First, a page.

California Atty. Gen. Kamala Harris is refusing a demand from her Senate rival to participate in three additional debates.
Orange County Rep. Loretta Sanchez on Tuesday called for four debates. The proposal was a counter offer to the two debates that Harris announced she would participate in last month.
“As we've said for weeks, our campaign is done debating debates and has closed the door on new debate invitations,” said Harris political consultant Sean Clegg. “If Sanchez is serious about debating, we'll see her at KABC on October 5."
Flanked by alleged sexual assault victims and their supporters, state Sen. Connie Leyva (D-Chino) urged Gov. Jerry Brown on Tuesday to end California's statute of limitations for rape.
The Legislature sent Leyva's bill, SB 813, to Brown last week. He has until Sept 30 to sign the bill, which would end the time limit in California for prosecuting rape, child sexual abuse and other felony sex crimes.
"This bill does not abolish the very high burden-of-proof standard," Leyva said at a state Capitol news conference. "[SB] 813 simply ensures that the door does not slam in the face of victims."
The Democratic congresswoman from Orange, the underdog in the race, demanded more in her counterproposal. She also made clear she was declining to participate in the Sacramento debate. Carrick said one of the Senate primary debates was held in Stockton, the same media market as Sacramento.
Lawmakers left Sacramento this week bleary-eyed after a late-night race to pass bills before the legal deadline of midnight Wednesday. And those final actions capped a very busy two years under the state Capitol dome.
On this week's California Politics Podcast, we take a look not only at the final big deals — including an agreement on spending the proceeds of the state's auction of greenhouse gas pollution credits — but at the overall record of the Legislature since it convened in December 2014.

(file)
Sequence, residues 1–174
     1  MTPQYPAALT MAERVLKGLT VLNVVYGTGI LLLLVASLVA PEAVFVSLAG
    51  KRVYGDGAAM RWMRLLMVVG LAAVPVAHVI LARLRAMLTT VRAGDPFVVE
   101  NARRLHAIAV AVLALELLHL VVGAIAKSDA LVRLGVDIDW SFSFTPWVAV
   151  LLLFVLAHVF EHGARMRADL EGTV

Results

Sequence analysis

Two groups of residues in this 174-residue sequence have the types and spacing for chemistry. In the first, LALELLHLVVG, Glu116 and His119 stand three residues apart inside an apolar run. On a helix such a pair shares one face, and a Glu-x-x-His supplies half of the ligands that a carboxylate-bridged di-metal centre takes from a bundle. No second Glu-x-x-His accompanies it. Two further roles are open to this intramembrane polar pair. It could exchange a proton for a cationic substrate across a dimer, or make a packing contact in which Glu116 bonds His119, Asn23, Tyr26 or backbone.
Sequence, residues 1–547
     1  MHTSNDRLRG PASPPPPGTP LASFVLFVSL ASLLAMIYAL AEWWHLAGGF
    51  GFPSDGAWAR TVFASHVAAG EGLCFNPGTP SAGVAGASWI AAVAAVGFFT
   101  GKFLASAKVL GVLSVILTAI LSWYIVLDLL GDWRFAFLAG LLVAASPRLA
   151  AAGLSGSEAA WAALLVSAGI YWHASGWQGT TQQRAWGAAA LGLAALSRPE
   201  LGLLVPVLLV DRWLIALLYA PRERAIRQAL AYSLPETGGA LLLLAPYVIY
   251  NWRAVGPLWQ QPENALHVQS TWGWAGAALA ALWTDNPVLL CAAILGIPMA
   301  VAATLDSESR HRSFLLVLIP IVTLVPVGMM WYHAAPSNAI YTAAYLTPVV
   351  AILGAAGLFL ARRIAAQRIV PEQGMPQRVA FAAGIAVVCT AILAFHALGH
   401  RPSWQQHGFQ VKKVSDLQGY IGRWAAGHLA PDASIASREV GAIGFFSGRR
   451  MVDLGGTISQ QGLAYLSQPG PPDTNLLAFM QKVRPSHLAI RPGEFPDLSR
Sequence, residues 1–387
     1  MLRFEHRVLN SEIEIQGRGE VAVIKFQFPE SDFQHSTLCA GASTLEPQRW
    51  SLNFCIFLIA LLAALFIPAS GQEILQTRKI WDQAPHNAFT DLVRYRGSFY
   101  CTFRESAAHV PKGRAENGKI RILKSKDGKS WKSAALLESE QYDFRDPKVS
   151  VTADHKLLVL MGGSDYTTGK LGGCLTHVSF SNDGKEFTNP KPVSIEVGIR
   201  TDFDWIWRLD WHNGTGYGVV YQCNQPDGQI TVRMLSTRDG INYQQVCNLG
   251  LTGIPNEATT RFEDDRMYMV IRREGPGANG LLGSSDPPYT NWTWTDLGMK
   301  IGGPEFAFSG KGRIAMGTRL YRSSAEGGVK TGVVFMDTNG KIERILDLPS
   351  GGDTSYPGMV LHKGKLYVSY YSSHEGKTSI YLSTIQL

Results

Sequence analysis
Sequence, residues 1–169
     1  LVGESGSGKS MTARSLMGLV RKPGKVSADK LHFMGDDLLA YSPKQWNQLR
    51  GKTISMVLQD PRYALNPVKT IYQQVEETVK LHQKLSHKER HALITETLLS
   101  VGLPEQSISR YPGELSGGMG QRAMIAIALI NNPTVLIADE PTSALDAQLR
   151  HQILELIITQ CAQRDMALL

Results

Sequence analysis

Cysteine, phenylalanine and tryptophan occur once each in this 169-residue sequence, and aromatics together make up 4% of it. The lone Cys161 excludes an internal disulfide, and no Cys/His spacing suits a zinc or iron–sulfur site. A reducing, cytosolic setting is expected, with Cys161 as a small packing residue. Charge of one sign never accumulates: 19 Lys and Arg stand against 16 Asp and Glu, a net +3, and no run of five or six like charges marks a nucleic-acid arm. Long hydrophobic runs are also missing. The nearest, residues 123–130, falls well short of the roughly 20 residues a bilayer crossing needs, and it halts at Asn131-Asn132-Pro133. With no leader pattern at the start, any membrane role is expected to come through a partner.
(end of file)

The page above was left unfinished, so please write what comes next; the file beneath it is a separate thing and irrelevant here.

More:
That record includes a raising of California's minimum wage and new laws designed to reduce gun violence. It also includes the failure to craft a solution to the state's transportation woes.
San Jose -- National and state lawmakers on Friday called on voters to recall Santa Clara Judge Aaron Persky, saying he had a pattern of bias in favor of white and privileged offenders in sex crimes against women.
Persky first spurred international outrage when he sentenced Stanford swimmer Brock Turner to six months in Santa Clara jail for the rape of an unconscious woman. Turner, who has become the face of a national movement against sexual assault, walked out of that facility this morning after serving three months of his sentence.
“Today, Brock Turner is a free man,” said U.S. Senate candidate Loretta Sanchez, standing across from the Santa Clara County jail with more than a dozen lawmakers, advocates and local leaders. “And yet women who have been sexually assaulted are still prisoners of fear.”
Two months after an overhaul to the state's energy regulator was announced to great fanfare, lawmakers failed to push through the legislation that would have made those changes.
Gov. Jerry Brown and a trio of legislators had wanted to increase transparency and safety rules and shrink the responsibilities of the California Public Utilities Commission. But key details remained undecided as legislative deadlines ticked away, and bipartisan support for the package ended up collapsing.